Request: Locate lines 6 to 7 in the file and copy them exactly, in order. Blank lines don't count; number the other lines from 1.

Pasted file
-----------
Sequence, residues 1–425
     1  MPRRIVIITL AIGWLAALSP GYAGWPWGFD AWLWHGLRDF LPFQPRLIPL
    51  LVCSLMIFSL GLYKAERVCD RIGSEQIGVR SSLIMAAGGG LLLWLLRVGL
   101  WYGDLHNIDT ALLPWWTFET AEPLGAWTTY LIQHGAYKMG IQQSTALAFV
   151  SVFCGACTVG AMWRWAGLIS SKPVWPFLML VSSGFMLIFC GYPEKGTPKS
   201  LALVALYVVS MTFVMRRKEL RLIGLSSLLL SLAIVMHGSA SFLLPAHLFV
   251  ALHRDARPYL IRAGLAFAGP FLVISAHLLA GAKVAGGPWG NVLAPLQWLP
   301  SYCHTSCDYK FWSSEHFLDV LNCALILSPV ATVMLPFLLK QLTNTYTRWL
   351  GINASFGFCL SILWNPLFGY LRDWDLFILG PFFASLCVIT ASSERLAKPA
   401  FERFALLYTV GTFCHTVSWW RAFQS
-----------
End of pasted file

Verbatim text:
   201  LALVALYVVS MTFVMRRKEL RLIGLSSLLL SLAIVMHGSA SFLLPAHLFV
   251  ALHRDARPYL IRAGLAFAGP FLVISAHLLA GAKVAGGPWG NVLAPLQWLP